In my Pillars of Science series, I enumerated six aspects of Science that help explain why it works so well.
It should be clear from my analysis that the characteristics of Science are quite flexible. All of the criteria are matters of degree, so that they are met more strongly by some fields of study than by others. Because of this fuzziness, we should expect to find borderline sciences, such as Economics, Anthropology, Psychology, and other social sciences. It is both futile and unnecessary to try to come up with a criterion to draw an exact line between science and non-science. In other words, the question of what counts as Science cannot itself be resolved with scientific precision, and is therefore not a scientific question.
This doesn't bother me too much because my parents are linguists. So when I was growing up, they made sure I was aware that concepts are defined by their centers, not their boundaries. For example, if I say the word "chair", then what pops into your mind is a thing with four legs at the dinner table. You might admit under interrogation that a "beanbag chair" is also a chair, but it's hardly the first thing you'll think of. Concepts can be useful even when they're a bit fuzzy at their boundaries.
Despite their flexibility, the criteria are sufficiently strict that many things don't qualify. I don't just mean pseudo-sciences such as astrology or homeopathic medicine, but genuine evidence-based fields of knowledge (“sciences” in the archaic sense of the word) which aren't scientific in the modern sense, because they only satisfy some of the criteria.
For example, History and and Courts of Law, despite their empirical character, deal mostly with unique and unrepeatable events. So they fail the repeatability prong of Pillar I. Both of these fields are based primarily on testimony of witnesses, although Law Court fact-finding has much stricter rules about admissibility of evidence. Since much of their subject matter can't be defined with quantitative precision, they don't do terribly well on Pillar IV either. Academics in History do have a truth-seeking community similar in kind to the Sciences. But in Law Courts, the role of ethics, community, and authority is completely different.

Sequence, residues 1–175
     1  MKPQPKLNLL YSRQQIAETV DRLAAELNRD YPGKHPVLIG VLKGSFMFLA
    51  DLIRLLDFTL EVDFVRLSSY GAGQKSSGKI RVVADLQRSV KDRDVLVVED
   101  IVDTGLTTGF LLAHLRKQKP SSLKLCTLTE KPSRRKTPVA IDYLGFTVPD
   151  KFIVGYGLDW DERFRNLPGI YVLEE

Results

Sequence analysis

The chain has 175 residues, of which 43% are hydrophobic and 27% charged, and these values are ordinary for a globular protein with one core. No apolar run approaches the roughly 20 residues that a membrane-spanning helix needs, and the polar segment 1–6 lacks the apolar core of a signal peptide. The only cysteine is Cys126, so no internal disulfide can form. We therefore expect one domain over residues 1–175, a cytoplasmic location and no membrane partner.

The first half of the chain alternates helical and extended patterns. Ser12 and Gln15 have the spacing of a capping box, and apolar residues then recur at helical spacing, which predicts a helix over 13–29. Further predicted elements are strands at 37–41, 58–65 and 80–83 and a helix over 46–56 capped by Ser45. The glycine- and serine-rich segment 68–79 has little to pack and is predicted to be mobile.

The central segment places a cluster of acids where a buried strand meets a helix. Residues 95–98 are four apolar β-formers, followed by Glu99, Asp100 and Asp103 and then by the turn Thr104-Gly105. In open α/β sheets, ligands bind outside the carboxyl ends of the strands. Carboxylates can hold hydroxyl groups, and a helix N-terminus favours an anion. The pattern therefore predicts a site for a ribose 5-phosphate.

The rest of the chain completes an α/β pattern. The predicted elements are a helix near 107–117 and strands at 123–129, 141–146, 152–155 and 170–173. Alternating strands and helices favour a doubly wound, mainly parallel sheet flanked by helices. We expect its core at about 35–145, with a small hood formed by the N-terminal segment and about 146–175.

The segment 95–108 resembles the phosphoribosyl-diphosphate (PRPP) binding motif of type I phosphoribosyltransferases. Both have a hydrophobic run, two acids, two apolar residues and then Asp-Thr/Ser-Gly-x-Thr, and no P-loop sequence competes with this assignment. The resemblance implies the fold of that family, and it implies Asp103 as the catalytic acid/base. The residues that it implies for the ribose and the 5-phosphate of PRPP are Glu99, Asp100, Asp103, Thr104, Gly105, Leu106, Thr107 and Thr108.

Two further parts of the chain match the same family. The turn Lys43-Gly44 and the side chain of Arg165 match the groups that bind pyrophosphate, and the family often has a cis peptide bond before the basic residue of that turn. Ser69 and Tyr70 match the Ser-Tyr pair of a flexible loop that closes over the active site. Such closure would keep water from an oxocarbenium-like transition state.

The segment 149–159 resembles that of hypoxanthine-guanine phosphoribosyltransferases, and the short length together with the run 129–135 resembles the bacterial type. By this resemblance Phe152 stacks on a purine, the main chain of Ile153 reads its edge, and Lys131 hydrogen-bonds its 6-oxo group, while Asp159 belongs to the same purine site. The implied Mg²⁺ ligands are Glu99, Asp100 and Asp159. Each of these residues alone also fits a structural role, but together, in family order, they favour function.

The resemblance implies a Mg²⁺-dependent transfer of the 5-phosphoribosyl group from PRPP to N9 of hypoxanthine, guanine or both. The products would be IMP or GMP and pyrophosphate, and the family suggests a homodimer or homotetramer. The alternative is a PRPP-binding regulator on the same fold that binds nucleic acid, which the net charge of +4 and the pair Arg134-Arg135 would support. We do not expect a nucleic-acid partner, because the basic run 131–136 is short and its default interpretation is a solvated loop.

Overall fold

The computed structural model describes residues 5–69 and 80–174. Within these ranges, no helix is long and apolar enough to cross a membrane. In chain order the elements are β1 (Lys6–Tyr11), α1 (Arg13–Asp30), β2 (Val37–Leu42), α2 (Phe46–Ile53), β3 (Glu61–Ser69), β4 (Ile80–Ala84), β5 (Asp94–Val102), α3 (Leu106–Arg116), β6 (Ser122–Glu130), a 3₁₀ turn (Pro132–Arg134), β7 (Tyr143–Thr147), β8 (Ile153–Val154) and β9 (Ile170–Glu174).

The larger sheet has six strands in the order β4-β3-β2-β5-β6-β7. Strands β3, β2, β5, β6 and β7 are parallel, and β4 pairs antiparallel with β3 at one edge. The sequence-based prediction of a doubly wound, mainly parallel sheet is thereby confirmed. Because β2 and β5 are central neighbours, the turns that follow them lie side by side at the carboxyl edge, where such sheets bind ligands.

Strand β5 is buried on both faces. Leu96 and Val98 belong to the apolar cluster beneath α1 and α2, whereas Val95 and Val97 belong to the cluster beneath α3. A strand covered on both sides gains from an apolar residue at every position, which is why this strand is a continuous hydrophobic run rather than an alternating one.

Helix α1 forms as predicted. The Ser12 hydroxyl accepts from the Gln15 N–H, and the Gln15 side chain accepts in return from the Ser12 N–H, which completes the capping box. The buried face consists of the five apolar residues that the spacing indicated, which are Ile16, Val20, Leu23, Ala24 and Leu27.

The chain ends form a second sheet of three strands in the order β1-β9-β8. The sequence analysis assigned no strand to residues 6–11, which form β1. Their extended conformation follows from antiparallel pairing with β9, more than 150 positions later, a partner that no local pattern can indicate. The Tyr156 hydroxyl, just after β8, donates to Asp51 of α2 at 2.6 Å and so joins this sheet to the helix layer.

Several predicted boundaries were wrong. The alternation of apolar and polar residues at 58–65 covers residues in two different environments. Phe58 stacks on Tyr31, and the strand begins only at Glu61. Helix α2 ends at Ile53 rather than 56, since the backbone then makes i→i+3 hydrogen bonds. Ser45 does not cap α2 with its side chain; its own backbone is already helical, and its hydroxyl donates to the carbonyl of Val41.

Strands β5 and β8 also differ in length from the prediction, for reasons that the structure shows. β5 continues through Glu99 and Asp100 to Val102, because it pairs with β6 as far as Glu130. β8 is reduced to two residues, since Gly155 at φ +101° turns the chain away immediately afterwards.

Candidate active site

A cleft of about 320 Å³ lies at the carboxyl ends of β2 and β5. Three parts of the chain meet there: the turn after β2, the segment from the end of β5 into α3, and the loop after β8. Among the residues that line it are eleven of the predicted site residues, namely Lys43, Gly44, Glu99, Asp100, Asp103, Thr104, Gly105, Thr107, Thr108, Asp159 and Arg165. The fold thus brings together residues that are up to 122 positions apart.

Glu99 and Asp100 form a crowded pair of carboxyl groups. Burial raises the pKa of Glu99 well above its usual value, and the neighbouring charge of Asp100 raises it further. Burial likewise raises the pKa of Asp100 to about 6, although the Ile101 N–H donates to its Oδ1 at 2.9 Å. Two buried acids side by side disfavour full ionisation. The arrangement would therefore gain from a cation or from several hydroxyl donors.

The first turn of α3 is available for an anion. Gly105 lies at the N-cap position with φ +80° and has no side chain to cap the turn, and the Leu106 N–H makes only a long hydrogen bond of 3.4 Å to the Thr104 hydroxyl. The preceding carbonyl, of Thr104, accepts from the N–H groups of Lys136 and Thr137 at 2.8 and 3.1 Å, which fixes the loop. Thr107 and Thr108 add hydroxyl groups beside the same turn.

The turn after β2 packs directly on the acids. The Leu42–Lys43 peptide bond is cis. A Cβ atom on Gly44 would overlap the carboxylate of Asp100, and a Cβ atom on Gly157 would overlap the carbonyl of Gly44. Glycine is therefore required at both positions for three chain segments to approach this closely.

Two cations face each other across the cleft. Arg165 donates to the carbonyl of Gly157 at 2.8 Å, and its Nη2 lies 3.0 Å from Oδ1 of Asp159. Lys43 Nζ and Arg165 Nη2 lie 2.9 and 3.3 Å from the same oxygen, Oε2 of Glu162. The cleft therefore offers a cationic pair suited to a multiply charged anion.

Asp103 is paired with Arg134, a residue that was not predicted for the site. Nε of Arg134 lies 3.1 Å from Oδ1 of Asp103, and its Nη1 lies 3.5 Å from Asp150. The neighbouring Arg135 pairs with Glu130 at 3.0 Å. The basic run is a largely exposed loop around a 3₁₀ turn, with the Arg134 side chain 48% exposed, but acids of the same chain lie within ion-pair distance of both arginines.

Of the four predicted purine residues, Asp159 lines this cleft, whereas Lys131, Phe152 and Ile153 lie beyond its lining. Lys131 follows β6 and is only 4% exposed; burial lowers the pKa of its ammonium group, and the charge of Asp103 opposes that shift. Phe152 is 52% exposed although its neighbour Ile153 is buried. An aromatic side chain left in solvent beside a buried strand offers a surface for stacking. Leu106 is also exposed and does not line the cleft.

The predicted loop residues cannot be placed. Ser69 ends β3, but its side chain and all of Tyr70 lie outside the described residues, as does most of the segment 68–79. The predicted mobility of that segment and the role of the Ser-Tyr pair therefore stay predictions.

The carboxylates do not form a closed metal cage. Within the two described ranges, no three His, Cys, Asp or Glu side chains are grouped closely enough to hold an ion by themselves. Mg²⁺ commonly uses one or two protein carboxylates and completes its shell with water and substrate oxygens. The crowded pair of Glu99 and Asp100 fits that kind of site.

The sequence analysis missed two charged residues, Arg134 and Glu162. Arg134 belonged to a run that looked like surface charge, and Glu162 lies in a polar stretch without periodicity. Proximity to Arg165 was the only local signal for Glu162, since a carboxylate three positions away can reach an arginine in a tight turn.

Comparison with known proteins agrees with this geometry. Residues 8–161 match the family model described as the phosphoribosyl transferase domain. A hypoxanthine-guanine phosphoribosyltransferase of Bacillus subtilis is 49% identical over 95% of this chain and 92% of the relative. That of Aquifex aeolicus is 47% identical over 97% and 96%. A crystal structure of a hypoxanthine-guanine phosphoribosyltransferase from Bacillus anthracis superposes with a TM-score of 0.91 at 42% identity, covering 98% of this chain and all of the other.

This does not mean that these fields should be held in contempt; their methods are sometimes capable of establishing specific facts with a very high degree of certainty, “beyond a reasonable doubt” as the saying goes. They simply lack the particular methodology of science, which has a proven track record of almost routinely proving astonishing facts about the world, to a degree that ends rational opposition. If you try to increase certainty by imposing a “scientific” approach on a subject that isn't suited for it, you risk generating a pseudo-science which jingles the jargon of science while missing its core value: self-correction through rigorous testing of ideas.
Philosophy is nonscientific for a different reason than the empirical humanities. While many philosophers strongly value elegance and precision of ideas, typical disputes between philosophers are not very amenable to empirical testing. That doesn't mean that observation plays no role. But the way philosophers typically make arguments, they also rely on controversial background assumptions, which can't be definitively settled just by looking at the world.
If, despite the potential for controversy, the argument for the position is sufficiently convincing, this can still establish the philosophical position with great certainty. In fact, unless the skeptical thesis that no knowledge is reliable could be refuted with near certainty, the result would be that no field of inquiry could produce near certainty. This potential for certainty does not change the fact that Philosophy operates by a different methodology, which on average does not resolve controversies as easily as the methods of Science or even History do.
For this reason a philosophical thesis based on Science will usually have the degree of certainty associated with Philosophy, not that associated with Science. A chain of reasoning is only as strong as its weakest link. So a philosophical argument based on Science should not necessarily trump, e.g. a strong historical argument, simply because Science is normally more reliable than History.
So how do we fit ideas from different fields together? In a future post, I'll discuss Bayes' Theorem, which is a flexible way to think about all different kinds of evidence-based reasoning, without making specific assumptions about the sorts of evidence we can include.